Abstract 116: Matrix Metalloproteinase-9 Deletion Attenuates Blood-Brain Barrier Disruption and Consequent Injury in White Matter After Subarachnoid Hemorrhage
Objective: The detailed mechanism of white matter injury after subarachnoid hemorrhage (SAH) remains unclear. We hypothesized that blood-brain barrier (BBB) disruption occurs in white matter after SAH and it leads to consequent injury. In this study, we investigated the potential role of matrix metalloproteinase-9 (MMP9) in SAH-induced white matter injury.
Methods: SAH was induced by endovascular perforation in male wild-type (WT) C57BL/6 and MMP9 knockout (MMP9-/-) mice. The following three experiments were devised: 1) to determine BBB disruption and MMP9 activation/expression in white matter, mice underwent MRI at 24 h after SAH. They were then euthanized for immunostaining, transmission electron microscopy and MMP zymography; 2) to investigate the role of MMP9 in BBB disruption, lesion volumes on MRI were compared between WT and MMP9-/- mice at 24 h after SAH; 3) WT and MMP9-/- mice underwent MRI at 1 and 8 days after SAH induction to detect time-dependent changes, and were euthanized at 8 days after SAH. Removed brains were used to investigate myelin integrity and axonal damage in the white matter.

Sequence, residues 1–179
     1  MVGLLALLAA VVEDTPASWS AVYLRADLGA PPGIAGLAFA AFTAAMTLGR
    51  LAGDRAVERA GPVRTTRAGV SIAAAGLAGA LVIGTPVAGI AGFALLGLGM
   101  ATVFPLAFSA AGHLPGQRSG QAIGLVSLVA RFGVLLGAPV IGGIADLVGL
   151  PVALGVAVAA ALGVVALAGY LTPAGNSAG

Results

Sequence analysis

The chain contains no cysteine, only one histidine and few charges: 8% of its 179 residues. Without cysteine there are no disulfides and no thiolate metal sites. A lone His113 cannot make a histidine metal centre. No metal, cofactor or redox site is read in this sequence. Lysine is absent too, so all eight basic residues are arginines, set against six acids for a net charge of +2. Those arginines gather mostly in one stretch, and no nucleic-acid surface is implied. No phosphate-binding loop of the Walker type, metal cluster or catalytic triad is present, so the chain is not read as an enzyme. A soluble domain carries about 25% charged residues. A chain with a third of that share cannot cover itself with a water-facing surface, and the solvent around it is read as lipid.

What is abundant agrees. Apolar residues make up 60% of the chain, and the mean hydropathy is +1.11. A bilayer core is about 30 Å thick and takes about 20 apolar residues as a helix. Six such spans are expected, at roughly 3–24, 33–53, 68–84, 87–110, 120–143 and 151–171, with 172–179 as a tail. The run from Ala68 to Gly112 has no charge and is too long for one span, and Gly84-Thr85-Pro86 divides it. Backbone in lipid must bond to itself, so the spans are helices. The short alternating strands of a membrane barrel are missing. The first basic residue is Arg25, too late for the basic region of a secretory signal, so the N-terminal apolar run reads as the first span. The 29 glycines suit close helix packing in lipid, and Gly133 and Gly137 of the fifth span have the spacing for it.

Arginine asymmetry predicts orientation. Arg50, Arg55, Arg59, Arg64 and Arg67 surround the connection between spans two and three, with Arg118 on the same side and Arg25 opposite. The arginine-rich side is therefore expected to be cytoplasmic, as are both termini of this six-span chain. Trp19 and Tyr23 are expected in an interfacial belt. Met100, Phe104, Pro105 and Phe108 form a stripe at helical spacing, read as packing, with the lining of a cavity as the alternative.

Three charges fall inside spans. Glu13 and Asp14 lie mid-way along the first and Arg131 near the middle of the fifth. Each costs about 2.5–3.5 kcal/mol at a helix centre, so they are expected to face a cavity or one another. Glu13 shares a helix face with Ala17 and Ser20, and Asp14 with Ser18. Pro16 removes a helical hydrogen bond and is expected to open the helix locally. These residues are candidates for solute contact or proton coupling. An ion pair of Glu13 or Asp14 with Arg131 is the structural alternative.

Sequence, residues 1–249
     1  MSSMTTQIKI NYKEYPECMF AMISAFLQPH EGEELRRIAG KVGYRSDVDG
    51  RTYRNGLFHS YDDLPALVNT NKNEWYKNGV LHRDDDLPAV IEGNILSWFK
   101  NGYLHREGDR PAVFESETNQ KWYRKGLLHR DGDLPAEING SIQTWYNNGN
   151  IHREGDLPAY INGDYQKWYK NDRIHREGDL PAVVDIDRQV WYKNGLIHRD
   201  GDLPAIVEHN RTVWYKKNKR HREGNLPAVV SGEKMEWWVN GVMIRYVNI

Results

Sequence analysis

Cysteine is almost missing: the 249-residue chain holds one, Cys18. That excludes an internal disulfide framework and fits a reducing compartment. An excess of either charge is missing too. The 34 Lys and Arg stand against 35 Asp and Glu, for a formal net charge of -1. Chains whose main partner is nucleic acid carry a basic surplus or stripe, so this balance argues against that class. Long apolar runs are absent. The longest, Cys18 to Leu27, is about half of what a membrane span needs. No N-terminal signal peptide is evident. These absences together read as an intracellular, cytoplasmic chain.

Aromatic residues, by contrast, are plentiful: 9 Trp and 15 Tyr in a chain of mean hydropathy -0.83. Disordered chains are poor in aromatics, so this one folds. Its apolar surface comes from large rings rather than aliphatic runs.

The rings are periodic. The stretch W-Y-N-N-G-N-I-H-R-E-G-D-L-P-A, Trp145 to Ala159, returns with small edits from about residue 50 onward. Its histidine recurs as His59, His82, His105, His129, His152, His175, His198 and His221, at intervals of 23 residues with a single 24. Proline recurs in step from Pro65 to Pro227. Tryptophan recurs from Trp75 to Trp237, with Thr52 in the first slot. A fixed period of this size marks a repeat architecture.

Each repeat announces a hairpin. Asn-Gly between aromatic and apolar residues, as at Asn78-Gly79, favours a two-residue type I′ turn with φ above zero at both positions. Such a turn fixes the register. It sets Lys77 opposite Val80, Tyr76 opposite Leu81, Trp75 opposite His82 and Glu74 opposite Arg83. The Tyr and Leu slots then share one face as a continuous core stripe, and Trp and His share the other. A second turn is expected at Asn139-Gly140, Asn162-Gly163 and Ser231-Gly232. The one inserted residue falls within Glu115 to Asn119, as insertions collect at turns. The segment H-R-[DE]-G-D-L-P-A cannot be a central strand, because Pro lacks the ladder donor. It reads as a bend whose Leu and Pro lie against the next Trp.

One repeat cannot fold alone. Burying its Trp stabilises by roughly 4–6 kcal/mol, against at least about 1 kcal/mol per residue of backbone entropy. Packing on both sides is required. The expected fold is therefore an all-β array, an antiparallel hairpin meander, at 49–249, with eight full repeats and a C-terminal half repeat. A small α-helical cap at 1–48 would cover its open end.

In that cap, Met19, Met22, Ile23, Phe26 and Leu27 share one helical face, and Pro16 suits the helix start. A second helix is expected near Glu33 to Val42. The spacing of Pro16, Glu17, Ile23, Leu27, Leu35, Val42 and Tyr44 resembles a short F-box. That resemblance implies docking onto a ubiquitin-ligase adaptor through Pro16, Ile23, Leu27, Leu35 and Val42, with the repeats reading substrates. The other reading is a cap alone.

Results: In WT mice with SAH, albumin leakage along the white matter was increased (p<0.05; vs. sham) and was consistent with T2-hyperintensity on MRI (r=0.97, p<0.01). In microvessels, tight junction detachment and swollen astrocyte endfeet were demonstrated by electron microscopy. MMP9 activity was elevated in white matter at 24 h after SAH (vs. sham; p<0.05), and MMP9 was mainly expressed in astrocytes and oligodendrocyte precursors. The volume of T2-hyperintensity in the white matter in WT mice with SAH was 6.2 ± 3.0 mm3 (p<0.001; vs. WT sham), while that in MMP9-/- mice with SAH was significantly smaller (1.0 ± 1.4 mm3; p<0.01). At 8 days after SAH, decreased myelin integrity and an increased density of damaged axons were observed in WT with SAH mice compared to normal control mice (p<0.05; for each), while T2-hyperintensity on MRI in the white matter almost disappeared. MMP9-/- mice developed less of those injuries than WT mice at 8 days after SAH (p<0.05; for each).
Conclusions: SAH causes BBB disruption and consequent injury in the white matter, and MMP9 plays an important role for those pathologies. MMP9 could be a therapeutic target for SAH-induced white matter injury.
Author Disclosures: Y. Egashira: Research Grant; Significant; Japan Heart Foundation/Bayer Yakuhin Research Grant Abroad. Y. Hua: None. R.F. Keep: None. G. Xi: None.
- © 2015 by American Heart Association, Inc.